You’ll notice that we have been omitting key deletion so far in our transaction examples.
If we delete keys only from the top-tier change set, our current implementation of
merge_candidate could still have values for those keys, provided that those keys are still present at a lower tier.
We could also try “overwriting” those keys at a lower tier by setting the key’s value to
nil in the database. But, as we discussed in the previous post, that equates a key with a
nil value to no key at all in our database.
If we were to do that, we need to make sure that every use case would treat those two things the same. And even if they did, we then end up keeping the keys for key-value pairs that we have deleted, which takes up extra space.
We need a way to delete the keys, so we get the behavior described in this test:
Here is what we’ll do: inside the
.delete method, we’ll add the key being deleted to a list of deletions. Then, in .
merge_candidate, once we have our view of the database from the perspective of our current transaction, we rip out the keys in the deletion list before returning the finished hash:
This is starting to shape up pretty well.
A Sidenote on API Design: The recursive methods
count_candidate have a lot of code in common. Why didn’t I factor out a method that takes a hash and a block, and have each of these methods call that one rather than possessing their own logic?
Before I do that refactor, I want to be certain that the operations I am performing are, in fact, the same. If it turns out later that I was wrong, I have put either myself or my team in a bind, because factoring down (separating things) is often significantly harder than factoring up (combining things). I explain my cost evaluation for refactors in this keynote talk on the technology and psychology of refactoring.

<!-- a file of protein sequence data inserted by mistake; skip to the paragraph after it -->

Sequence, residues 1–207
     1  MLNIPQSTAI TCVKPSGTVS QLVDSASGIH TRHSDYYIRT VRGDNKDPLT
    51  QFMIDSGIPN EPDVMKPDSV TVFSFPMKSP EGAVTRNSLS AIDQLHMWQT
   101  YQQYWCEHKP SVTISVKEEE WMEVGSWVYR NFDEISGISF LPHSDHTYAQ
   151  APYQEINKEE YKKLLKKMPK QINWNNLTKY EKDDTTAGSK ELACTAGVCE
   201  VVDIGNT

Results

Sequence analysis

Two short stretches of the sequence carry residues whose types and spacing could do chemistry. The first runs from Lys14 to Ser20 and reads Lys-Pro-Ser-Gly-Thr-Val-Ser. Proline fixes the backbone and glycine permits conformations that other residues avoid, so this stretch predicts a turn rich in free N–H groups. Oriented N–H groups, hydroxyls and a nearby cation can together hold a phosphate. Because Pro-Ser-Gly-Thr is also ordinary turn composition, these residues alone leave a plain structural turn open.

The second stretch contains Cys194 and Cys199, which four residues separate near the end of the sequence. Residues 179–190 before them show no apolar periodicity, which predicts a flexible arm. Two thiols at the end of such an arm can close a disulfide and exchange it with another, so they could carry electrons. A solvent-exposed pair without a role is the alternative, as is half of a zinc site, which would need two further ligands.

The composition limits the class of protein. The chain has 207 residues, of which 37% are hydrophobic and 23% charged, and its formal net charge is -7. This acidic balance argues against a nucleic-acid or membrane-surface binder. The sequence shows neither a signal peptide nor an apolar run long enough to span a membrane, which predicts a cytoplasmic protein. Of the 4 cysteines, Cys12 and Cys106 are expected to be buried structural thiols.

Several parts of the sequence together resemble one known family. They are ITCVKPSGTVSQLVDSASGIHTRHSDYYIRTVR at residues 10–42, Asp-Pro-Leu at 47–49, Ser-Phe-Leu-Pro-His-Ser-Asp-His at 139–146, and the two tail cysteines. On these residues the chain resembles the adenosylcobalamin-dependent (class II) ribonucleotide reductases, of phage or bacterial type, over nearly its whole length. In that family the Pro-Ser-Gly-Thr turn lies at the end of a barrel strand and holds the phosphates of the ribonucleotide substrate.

Full disclosure: I stand by this refactoring choice, but not everyone agrees with it. I implemented the in-memory database you see here in four hours as a code challenge in an interview process, and I think this choice not to refactor might have been one of the reasons the company did not move forward with me after this code challenge 🙃.
Nevertheless I thought the exercise valuable to share as a demonstration of the way I consider space and time constraints while writing software.
That brings me to a time efficiency constraint of this implementation:
count_candidate do an iterative lookback through each individual transaction currently open for the database. Iteration is frequently a culprit for speed leaks in code that needs to be super fast. Numpy gets around this by dropping into C. Dask gets around this by parallelizing iterative processes across cores. Even if we don’t mess with threads or shell out to a faster language, are there things we could do to speed up our code?